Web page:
Materials researchers from the Block Research Group at the ETH Zurich, together with architects supermanoeuvre, have revealed a prototype for an ultra-thin, sinuous concrete roof system with an average thickness of just 5 centimeters. Using digital design and fabrication technologies, the team was able to calculate and construct a self-supporting shell structure using the minimal necessary material. This was facilitated through the use of a novel formwork system consisting of a net of steel cables and a polymer fabric stretched into a reusable scaffolding structure.
Global higher education analysis firm Quacquarelli Symonds (QS) has released in 2017 rankings of the world’s top universities for the study of Architecture & Built Environment. This year, for the seventh edition of the survey, QS has expanded the ranking to list the world’s top 200 schools, including institutions across all six inhabited continents.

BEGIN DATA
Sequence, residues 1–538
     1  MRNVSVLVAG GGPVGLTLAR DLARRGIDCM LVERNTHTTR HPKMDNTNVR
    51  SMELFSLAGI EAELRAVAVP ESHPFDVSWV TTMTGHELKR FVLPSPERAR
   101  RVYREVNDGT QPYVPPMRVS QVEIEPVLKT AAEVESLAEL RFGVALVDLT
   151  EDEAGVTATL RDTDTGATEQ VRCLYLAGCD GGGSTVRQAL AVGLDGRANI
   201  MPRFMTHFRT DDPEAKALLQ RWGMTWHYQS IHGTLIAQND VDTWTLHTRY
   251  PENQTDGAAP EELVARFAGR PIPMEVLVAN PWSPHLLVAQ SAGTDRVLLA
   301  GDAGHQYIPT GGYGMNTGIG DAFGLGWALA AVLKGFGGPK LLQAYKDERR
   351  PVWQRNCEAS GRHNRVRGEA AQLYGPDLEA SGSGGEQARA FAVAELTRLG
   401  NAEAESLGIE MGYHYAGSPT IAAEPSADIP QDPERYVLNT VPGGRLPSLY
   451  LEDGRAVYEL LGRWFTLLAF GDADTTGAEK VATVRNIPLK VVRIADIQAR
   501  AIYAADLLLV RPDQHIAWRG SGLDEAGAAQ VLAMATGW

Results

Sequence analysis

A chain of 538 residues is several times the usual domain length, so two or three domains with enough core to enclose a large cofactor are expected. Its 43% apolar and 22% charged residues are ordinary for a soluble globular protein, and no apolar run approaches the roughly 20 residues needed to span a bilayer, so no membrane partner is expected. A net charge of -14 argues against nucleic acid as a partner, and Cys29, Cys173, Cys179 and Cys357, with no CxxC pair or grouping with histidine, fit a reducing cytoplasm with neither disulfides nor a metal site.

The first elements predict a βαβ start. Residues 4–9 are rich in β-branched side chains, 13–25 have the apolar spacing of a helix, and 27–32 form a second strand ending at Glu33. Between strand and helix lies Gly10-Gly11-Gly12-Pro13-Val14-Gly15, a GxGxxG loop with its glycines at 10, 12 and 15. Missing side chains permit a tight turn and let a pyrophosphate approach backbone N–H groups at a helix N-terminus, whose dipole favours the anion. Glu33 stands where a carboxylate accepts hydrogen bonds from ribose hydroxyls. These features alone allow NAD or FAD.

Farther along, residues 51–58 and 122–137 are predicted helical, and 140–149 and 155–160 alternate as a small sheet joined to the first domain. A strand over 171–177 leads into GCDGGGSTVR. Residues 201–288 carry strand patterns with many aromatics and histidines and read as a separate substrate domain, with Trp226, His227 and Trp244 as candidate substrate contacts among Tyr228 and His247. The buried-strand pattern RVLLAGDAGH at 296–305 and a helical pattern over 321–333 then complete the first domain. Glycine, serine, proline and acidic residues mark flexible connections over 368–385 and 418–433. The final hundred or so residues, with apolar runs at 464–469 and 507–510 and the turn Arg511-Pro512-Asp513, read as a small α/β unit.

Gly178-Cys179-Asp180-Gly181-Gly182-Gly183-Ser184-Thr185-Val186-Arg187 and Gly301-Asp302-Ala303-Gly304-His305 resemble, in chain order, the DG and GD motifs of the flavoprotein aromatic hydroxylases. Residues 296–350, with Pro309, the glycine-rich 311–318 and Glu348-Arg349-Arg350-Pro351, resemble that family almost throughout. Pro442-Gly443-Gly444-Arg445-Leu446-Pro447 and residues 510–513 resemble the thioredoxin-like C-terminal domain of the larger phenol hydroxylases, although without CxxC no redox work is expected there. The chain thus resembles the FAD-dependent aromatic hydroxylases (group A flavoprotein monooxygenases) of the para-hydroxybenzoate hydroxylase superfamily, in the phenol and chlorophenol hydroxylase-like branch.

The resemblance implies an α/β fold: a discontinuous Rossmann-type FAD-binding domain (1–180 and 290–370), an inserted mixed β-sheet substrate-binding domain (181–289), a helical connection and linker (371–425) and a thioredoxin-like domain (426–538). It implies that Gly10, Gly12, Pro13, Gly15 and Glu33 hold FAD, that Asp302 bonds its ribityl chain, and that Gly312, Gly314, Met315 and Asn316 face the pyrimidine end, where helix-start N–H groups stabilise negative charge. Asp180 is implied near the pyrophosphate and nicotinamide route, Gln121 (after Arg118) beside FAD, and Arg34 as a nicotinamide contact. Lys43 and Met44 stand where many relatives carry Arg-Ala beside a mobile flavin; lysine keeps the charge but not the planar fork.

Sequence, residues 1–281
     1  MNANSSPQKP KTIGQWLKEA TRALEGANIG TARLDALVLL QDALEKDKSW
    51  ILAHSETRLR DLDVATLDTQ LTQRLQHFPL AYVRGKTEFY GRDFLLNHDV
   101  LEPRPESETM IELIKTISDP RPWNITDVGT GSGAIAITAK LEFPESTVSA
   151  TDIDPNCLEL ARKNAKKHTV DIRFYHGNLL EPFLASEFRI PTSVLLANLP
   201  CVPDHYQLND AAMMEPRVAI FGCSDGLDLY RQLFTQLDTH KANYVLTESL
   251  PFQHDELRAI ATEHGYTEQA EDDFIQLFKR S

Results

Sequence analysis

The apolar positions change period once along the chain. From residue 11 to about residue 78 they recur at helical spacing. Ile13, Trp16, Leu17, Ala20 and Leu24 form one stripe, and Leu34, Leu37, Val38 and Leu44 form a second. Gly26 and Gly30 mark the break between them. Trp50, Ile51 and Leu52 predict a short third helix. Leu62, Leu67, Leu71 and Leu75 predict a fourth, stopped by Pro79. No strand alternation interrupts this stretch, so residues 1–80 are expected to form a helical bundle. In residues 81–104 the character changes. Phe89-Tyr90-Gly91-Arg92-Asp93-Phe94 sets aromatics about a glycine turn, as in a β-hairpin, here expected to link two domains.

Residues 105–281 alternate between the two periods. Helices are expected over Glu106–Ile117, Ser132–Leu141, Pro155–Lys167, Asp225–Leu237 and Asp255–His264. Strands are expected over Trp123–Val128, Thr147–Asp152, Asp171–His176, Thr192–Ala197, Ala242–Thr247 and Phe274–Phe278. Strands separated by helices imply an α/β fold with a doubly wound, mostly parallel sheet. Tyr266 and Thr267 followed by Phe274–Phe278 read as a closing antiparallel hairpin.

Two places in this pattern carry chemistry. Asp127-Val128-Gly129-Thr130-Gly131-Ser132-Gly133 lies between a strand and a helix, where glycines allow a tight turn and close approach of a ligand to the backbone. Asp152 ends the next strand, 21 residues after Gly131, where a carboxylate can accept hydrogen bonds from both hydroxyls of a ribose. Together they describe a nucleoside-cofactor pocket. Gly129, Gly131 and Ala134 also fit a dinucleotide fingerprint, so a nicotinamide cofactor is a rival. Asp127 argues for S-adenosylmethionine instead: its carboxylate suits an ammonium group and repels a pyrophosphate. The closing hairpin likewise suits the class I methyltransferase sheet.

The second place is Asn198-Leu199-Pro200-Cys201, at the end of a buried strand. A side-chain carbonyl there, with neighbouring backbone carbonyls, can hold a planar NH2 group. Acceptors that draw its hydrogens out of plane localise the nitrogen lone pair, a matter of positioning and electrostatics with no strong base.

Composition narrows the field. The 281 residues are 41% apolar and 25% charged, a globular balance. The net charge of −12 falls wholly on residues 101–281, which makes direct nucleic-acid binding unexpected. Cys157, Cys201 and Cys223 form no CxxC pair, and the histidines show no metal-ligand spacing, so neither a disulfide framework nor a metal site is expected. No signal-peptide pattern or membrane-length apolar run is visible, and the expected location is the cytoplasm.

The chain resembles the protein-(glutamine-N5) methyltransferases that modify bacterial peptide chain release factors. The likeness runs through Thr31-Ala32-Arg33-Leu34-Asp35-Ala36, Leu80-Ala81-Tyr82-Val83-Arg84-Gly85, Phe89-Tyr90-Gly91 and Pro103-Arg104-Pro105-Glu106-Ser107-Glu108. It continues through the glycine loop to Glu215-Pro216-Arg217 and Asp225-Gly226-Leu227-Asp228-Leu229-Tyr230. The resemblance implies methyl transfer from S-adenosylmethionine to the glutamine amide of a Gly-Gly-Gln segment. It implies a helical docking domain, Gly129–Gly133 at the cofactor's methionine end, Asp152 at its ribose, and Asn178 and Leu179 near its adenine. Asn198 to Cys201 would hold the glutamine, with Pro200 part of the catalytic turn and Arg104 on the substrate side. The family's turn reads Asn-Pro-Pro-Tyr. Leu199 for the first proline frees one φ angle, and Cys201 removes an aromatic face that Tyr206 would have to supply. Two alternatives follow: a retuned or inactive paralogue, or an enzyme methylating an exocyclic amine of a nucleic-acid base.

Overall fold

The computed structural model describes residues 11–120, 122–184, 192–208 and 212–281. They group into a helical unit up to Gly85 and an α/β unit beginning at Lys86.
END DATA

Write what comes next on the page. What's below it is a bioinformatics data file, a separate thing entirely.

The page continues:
Aerial Futures, Grounded Visions: Shaping the Airport Terminal of Tomorrow was a two-day symposium held in October 2016 as part of the European Cultural Center's collateral event at the 2016 Venice Biennale. It encouraged discussion about the future of air travel from the perspectives of architecture, design, technology, culture and user experience. The event featured presentations and discussions by the likes of airport architect Curtis Fentress, Nelly Ben Yahoun, Donald Albrecht, Director of the Museum of the City of New York; Anna Gasco, post-doctoral researcher at the ETH-Future Cities Laboratory in Singapore; Jonathan Ledgard, co-founder of the Droneport Project; and Ashok Raiji, Principal at Arup New York.